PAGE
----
Upgrading to Kubuntu 24.04


· Kubuntu · Linux · backups ·

It's that time of the year again (or that time of the fiveyear, given that this is an LTS release) when I upgrade my laptop to the latest version of Kubuntu. This time it's to version 24.04 (from April this year, hence the version number). I try to take notes whenever I upgrade a machine, so this post is me doing that. I'll try to also update my uses page to reflect current reality.

  • Triple-checked my backups, both in the cloud via Borg and locally on a USB hard drive. The local one is a dump of my home directory, excluding whatever's listed in rsync-homedir-excludes, so it's full of vast amounts of rubbish (or, "files for my work" I guess). The cloud one is stuff I actually care about.
  • Downloaded the latest image, copied to a thumb drive with Startup Disk Creator, rebooted from that thumb drive, installed Kubuntu.
  • Logged in to the new system, and started rsync to restore the local backup. That takes a while, so other setup happens while it's going.
  • Banged my head against my Lenovo USB dock until the external monitor started working. As far as I can tell, this was a random process of rebooting a few times and smashing the input selector button on the monitor until there was some point of synchronicity between it all. I mean, it's not called xrandr for no reason!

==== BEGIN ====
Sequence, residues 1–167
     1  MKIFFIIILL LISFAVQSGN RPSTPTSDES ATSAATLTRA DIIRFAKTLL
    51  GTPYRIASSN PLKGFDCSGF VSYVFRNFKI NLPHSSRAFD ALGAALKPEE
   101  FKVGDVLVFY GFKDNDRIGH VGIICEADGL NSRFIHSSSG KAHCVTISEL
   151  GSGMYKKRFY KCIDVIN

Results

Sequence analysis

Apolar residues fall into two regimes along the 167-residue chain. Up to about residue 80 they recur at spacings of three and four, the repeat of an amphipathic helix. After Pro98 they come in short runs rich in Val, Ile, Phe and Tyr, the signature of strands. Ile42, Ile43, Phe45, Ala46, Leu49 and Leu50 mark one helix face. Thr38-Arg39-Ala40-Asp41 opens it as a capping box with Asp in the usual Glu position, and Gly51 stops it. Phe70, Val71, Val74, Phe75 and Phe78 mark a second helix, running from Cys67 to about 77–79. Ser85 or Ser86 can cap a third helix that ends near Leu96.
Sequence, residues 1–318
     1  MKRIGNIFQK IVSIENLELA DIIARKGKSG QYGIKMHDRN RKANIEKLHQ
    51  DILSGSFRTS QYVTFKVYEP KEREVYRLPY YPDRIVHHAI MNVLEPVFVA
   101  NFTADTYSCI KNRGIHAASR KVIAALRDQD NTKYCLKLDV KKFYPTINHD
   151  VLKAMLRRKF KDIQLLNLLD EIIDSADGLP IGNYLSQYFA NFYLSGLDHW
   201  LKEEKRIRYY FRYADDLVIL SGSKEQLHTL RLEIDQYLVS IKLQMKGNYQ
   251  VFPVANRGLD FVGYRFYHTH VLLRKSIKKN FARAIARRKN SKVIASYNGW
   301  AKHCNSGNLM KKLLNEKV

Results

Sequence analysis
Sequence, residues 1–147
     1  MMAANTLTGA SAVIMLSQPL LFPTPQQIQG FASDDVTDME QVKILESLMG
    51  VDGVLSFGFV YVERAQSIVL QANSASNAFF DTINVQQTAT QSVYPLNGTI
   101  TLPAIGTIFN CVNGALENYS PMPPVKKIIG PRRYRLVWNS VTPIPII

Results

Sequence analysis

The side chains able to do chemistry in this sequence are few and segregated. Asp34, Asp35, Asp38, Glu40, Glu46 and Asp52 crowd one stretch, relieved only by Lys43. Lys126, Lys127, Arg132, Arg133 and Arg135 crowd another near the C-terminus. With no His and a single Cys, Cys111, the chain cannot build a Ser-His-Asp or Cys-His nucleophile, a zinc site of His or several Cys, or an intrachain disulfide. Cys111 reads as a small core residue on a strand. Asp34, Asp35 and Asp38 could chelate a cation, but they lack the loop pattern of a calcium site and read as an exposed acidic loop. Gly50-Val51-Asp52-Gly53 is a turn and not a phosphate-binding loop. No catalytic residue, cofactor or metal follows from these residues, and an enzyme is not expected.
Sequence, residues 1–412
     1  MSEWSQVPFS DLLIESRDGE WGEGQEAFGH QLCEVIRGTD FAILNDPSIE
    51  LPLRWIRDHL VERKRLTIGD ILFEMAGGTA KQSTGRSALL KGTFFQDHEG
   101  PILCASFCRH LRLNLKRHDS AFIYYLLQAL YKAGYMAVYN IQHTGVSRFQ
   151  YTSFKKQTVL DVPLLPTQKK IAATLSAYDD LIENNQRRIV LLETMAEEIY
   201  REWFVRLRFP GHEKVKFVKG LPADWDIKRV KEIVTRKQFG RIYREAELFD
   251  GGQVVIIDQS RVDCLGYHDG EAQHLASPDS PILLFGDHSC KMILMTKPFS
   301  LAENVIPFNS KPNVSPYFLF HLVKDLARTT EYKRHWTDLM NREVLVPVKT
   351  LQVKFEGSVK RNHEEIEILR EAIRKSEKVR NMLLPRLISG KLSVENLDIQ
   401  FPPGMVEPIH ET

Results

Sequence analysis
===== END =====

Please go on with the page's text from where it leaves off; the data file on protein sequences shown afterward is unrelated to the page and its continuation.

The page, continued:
• Installed KeePassXC so I could access my passwords. My DR process for this is to have my password vault stored separately, and usually even when I don't need to I'd use that version of it just to confirm that it's all good. But I was lazy this time and just used the copy from the local hard drive.
  • Installed Floccus in Firefox, to sync my bookmarks back from Nextcloud. And the Nextcloud desktop client to sync a folder of phone-laptop sort of stuff.
  • Installed Thunderbird, Telegram, Slack, Discord, and Element.
  • Switch left alt and ctrl, and make capslock the Compose key.
  • Experienced a weird bug with Firefox. No typing, no cursor. Most annoying.

And a bunch of other things, mostly unrelated to actually getting up and running: MariaDB, PHP, and whatnot. Part of what I like about nuking things every year or two is that it makes me re-evaluate what I've got installed and read about updates and changes and things, lots of which means that the system I end up with is somewhat different to the one it replaced.